A senior U.S. legislator has voiced concern for the life of Kremlin critic Vladimir Kara-Murza, Jr., who fell critically ill last week in Moscow for the second time in two years.
John McCain, a senior Republican senator from Arizona and a regular critic of Russia, told the U.S. Senate on February 7 that Kara-Murza had suffered "another apparent poisoning" because "he kept faith with his ideals in confrontation with a cruel and dangerous autocracy."
Kara-Murza's wife, Yevgenia, told RFE/RL on February 6 that doctors have diagnosed him with "acute poisoning by an undetermined substance" after being hospitalized on February 2 with kidney failure.
Kara-Murza, 35, was placed in an intensive-care unit and put on life support after being placed in a medically-induced coma.
McCain said that, although Kara-Murza is very ill, "I am encouraged to learn his condition is now stable."
Kara-Murza's symptoms closely resemble those he suffered in May 2015, when he abruptly fell ill in Moscow and was hospitalized in critical condition.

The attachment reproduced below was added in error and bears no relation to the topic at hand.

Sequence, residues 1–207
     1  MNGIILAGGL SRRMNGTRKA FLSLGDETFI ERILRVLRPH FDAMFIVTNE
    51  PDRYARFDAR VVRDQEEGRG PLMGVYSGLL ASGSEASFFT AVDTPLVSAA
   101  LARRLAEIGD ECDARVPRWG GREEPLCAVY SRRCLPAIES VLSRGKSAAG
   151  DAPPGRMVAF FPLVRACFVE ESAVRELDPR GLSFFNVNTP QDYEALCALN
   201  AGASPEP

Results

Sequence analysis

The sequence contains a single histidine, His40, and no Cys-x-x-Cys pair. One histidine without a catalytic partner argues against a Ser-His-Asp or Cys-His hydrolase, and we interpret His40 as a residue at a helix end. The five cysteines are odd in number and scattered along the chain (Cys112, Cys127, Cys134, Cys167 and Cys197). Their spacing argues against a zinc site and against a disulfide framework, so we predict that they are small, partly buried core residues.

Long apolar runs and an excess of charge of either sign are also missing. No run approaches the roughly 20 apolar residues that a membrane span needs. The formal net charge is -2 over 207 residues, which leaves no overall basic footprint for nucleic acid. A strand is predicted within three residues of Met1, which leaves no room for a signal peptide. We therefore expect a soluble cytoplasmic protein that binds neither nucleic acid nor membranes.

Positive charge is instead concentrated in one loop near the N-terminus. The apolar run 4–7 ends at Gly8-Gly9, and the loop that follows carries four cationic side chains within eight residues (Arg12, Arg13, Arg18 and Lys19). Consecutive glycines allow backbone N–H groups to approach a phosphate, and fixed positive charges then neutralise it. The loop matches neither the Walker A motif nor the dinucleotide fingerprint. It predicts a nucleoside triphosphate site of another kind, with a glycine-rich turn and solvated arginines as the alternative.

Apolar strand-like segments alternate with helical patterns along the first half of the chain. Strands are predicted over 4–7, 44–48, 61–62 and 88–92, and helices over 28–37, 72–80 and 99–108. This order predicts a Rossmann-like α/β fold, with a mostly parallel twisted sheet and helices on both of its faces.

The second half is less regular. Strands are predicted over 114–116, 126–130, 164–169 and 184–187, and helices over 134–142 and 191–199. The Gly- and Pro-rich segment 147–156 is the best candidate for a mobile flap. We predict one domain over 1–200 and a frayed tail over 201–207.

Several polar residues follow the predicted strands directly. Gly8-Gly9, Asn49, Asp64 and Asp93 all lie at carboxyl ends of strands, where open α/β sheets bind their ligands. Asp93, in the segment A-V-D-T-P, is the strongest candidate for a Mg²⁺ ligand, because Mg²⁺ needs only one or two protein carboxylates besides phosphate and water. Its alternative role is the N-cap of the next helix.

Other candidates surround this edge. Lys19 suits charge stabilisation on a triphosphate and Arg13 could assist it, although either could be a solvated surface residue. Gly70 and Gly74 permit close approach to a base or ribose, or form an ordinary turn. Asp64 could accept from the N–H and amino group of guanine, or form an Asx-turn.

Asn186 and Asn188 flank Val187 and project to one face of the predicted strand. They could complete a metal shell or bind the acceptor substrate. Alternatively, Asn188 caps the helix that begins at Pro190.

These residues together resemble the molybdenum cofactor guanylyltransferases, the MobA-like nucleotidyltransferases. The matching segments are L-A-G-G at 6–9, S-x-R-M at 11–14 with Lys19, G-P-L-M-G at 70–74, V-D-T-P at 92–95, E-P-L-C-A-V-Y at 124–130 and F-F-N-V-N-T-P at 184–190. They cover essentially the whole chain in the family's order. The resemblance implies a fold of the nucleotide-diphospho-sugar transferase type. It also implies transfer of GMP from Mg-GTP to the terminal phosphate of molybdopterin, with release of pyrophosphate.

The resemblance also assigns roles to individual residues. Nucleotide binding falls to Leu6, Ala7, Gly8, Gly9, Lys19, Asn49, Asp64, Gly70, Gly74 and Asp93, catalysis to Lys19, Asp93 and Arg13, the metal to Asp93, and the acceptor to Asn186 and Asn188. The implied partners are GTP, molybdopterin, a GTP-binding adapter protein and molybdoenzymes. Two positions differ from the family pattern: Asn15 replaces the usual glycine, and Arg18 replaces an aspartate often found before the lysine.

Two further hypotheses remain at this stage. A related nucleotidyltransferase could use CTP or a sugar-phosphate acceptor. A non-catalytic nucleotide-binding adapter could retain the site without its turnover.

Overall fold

He said he believed his 2015 illness was the result of deliberate poisoning with a sophisticated toxin and that he was targeted for his political activities.
McCain said that "it appears that Vladimir has once again paid the price for his gallantry and integrity, for placing the interests of the Russian people before his own self-interest."
The U.S. senator said that, following the violent deaths of several critics of Russian President Vladimir Putin, Kara-Murza "knew that Putin is a killer, and that he might very well be the next target."
But, although "knowing that his life was at risk, Vladimir returned to Russia," McCain added.
Kara-Murza is a coordinator for former tycoon Mikhail Khodorkovsky's nongovernmental organization, Open Russia, and has advocated for sanctions against Russian officials and media executives before U.S. lawmakers.